The long-range model estimates the number of divorced aged-spouse beneficiaries, by age and sex, by applying the same factors to the number of divorced persons aged 62 and over in the population, with three differences. First, the model applies a factor to reflect the probability that the earner (former spouse) is still alive. If the former spouse is not alive, the person may be entitled to a divorced widow(er)’s benefit. Second, the model applies a factor to reflect the probability that the marriage to the former spouse lasted at least 10 years. Third, the model does not apply factor (3) in the previous paragraph because, effective January 1985, a divorced person is generally no longer required to wait for the former spouse to receive benefits.
The Office of the Chief Actuary bases the projected numbers of children under age 18, and students aged 18 and 19, who are eligible for benefits as children of retired-worker beneficiaries, on the projected number of children in the population. The short-range model develops the number of entitled children by applying award rates to the number of children in the population who have two living parents and by applying termination rates to the number of children already receiving benefits.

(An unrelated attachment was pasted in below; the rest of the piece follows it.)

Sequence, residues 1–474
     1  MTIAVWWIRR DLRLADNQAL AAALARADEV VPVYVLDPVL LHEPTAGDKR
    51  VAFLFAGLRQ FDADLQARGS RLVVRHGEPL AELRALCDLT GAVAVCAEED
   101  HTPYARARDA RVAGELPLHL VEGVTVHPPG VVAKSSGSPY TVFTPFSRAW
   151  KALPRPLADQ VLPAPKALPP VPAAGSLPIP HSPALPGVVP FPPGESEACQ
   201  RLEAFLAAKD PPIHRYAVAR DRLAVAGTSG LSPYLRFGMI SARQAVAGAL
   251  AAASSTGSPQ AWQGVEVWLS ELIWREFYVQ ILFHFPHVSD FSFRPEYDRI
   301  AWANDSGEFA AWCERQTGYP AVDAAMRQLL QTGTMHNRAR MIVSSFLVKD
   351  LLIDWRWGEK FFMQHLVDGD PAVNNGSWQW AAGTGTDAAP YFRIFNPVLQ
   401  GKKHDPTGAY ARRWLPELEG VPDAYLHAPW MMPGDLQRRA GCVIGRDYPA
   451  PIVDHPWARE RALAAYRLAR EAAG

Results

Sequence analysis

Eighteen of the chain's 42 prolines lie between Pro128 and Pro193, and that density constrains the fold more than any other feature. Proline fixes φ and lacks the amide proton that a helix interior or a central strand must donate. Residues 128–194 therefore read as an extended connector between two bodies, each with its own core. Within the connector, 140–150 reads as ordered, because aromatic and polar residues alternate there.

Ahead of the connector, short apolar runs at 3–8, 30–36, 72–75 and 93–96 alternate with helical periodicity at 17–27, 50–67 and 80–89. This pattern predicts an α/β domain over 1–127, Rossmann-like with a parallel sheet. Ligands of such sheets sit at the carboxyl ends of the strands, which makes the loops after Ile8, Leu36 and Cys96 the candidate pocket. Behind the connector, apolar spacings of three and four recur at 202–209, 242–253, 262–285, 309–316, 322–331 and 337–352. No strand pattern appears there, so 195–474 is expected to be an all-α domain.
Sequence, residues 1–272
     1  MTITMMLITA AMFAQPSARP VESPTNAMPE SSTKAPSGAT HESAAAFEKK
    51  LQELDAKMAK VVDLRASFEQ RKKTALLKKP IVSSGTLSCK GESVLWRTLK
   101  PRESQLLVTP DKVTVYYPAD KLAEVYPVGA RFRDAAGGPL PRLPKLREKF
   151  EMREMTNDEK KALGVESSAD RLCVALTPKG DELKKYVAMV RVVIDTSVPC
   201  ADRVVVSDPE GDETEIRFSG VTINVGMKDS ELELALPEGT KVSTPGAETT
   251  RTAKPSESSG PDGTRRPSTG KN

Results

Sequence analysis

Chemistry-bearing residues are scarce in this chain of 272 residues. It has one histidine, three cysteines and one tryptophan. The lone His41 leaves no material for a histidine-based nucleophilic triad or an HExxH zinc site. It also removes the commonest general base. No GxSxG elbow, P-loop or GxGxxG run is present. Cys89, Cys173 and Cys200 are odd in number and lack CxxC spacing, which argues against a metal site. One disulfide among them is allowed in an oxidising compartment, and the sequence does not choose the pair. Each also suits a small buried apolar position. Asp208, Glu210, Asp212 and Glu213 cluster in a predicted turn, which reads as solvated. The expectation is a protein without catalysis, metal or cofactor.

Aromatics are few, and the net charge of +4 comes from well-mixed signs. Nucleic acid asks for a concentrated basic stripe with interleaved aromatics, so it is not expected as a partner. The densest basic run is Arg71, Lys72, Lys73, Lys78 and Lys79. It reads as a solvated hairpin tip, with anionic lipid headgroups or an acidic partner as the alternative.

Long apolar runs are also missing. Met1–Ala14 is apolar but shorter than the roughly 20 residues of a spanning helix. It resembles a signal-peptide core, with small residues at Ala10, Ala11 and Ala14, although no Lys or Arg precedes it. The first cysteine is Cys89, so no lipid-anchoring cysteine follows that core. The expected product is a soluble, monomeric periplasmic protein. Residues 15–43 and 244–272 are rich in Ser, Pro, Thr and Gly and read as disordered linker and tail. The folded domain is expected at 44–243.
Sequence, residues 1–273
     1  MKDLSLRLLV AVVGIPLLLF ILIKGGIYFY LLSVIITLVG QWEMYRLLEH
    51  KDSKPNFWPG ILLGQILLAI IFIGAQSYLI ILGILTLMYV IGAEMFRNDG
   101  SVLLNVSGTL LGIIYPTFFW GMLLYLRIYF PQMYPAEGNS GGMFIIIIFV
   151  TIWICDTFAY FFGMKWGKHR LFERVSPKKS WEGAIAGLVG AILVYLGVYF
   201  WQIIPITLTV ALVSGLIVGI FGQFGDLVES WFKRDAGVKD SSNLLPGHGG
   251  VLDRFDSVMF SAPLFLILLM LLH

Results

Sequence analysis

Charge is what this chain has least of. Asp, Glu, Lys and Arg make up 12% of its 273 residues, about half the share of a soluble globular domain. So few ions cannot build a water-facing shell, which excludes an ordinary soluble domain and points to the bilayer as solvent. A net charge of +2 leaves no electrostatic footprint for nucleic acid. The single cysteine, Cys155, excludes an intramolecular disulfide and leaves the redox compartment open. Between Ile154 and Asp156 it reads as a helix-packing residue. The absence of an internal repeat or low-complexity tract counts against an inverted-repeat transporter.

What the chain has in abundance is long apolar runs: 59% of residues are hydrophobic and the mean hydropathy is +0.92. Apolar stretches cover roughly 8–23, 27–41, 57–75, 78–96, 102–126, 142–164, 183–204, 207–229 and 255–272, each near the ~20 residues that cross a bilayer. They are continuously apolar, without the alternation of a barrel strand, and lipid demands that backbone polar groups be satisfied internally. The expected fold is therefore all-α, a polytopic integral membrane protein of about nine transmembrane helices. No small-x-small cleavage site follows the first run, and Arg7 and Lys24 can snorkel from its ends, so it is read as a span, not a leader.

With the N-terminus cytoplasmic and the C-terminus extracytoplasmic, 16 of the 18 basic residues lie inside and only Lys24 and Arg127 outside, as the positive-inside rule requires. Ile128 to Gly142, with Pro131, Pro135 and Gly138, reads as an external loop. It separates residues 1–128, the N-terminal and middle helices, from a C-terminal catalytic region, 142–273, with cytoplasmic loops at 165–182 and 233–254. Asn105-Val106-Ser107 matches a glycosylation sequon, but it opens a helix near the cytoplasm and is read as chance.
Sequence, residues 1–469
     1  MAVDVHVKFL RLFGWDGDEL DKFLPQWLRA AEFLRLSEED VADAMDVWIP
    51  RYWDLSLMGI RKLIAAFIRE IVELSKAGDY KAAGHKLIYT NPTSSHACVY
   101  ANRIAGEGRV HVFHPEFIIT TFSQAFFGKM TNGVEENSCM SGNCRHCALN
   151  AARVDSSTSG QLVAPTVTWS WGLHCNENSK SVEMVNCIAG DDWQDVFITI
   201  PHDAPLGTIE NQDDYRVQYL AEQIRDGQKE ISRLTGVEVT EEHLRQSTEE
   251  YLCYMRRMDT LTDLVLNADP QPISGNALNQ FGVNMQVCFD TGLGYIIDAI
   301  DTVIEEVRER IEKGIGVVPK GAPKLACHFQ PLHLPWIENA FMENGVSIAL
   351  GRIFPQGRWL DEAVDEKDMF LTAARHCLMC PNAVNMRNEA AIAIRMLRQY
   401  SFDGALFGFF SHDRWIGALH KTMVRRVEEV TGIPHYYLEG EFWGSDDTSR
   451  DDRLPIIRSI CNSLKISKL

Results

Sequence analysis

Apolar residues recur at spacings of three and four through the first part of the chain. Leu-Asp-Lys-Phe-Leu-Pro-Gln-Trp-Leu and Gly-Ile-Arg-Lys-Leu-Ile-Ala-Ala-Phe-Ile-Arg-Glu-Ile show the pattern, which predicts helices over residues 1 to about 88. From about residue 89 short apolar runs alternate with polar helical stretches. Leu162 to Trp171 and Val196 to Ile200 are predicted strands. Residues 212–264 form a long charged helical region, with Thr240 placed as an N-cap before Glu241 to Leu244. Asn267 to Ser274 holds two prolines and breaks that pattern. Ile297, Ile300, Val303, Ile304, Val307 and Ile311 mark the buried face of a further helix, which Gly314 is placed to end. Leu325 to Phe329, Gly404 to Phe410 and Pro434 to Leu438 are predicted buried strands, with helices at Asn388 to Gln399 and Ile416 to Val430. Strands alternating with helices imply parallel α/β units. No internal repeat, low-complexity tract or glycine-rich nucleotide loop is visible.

The long-range model projects separately the number of entitled children by sex of the earner parent. For each age under 18, the model multiplies the projected number of children with a parent aged 62 and over by the ratio of the number of retired workers aged 62 to 71 to the number of members of the population aged 62 to 71. For student beneficiaries, the model multiplies the number of children aged 18 and 19 in the population by the probabilities that: (1) the parent is alive, aged 62 or over, insured, and receiving a retired-worker benefit; and (2) the child is attending high school.